A plea is being made for more funding and training, to protect the mental health of new mothers.
Research released by the Maternal Care Action Group shows there are gaps in New Zealand midwives' knowledge about perinatal depression and anxiety.
Researcher Kristina Paterson found 63 per cent of women surveyed had depressive symptoms that began during pregnancy.
Yet more than two thirds of those women weren't diagnosed until long after the baby was born.
A further 96 per cent of survey respondents had risk factors for postnatal depression, yet 72 per cent weren't assessed for it by their midwife, during or post-pregnancy.
Paterson said this had big implications not only for mothers, but for their entire family.
"Perinatal depression is the leading cause of maternal deaths.
"For her children, it means an increase in emotion, cognitive, and physical development issues, and a higher risk of insecure attachment.
"Later in life her child is at risk of developing learning difficulties, mental illness, addictions, delinquency and even suicide."
Paterson said the research found it wasn't an attitude problem from the midwives, but a lack of knowledge of both how to spot the problem, and then address it.
She said midwives were singled out because they were the health professional a woman saw the most through pregnancy.
But it was also a wider problem with mental health in general.
"A woman can go to an antenatal class and not hear about perinatal depression," Paterson said.
"They can go to their midwife and not hear about perinatal depression.
"They can see their GP, go to Plunket, and never be told about it.
"Yet, if she develops symptoms, the way it's set up is that she's expected to seek help on her own."
Paterson believed part of the problem was a lack of funding and priority for mental health programmes.
"Mental health has always been the poor cousin to physical health.
"I think one of the reasons is it's not particularly sexy.
"It's a group of people who generally don't have a voice, they're vulnerable people who generally aren't in a position to lobby for themselves."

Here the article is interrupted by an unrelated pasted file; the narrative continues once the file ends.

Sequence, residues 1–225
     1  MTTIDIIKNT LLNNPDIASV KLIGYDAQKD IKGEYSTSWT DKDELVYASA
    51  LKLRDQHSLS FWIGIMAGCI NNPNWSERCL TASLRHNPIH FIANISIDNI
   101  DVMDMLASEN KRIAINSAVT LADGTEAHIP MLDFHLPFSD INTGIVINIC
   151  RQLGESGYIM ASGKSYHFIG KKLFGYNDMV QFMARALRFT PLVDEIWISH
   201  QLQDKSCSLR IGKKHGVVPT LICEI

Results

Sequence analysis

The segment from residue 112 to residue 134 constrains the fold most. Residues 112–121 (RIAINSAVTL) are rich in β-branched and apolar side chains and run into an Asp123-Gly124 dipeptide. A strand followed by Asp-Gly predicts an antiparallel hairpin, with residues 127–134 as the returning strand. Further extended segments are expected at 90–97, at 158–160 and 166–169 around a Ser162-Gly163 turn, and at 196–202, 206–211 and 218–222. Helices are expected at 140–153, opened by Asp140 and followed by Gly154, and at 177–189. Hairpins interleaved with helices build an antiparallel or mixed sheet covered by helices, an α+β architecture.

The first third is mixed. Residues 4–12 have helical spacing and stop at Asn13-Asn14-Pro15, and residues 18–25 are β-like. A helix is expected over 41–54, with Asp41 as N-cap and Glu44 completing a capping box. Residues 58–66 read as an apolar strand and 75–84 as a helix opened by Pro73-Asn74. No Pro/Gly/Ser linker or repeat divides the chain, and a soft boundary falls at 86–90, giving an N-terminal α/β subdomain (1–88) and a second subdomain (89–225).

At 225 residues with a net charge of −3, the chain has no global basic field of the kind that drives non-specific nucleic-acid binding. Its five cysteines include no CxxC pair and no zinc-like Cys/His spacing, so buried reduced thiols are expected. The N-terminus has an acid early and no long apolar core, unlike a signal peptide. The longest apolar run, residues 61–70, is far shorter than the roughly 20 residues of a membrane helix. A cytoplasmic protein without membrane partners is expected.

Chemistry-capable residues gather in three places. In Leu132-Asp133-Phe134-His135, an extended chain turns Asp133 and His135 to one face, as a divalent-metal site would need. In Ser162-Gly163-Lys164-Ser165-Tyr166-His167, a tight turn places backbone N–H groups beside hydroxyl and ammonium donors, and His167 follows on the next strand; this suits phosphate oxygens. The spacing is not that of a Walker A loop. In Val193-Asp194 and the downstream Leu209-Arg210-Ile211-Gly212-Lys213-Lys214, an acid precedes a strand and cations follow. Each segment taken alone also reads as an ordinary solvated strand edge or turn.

AUT head of midwifery Judith McAra-Couper said there was plenty of training about mental health problems, both in theory and in practice.
Rather than knowledge, she believed the problem was the ability to get help when trying to refer women to maternal mental health services.
"This is an area where midwives felt they were often left literally holding the baby.
"They have to plug gaps between the woman and the service, and to ensure the woman's wellbeing.
"The midwives end up being there for them, and trying to support them."
While mothers with acute mental health symptoms could get help, those suffering at a mild to moderate level often ran into a roadblock.
"This is not our specialty. We will support the woman, but we need the woman in an appropriate service from the maternal mental health team," McAra-Couper said.
"We need to look at investing in those in a way that women can get access to the services they need.
"That would be a huge relief for midwives, if there was ready access."
The Maternal Care Action Group currently has a petition appealing for perinatal depression and anxiety to be a priority in this year's budget.
Perinatal depression refers to depressive symptoms experienced before, during and after pregnancy.
It combines the terms some people are more familiar with, of prenatal and postpartum depression.
According to Perinatal Anxiety and Depression Aotearoa, 25 per cent of women suffer from depression during or after pregnancy.
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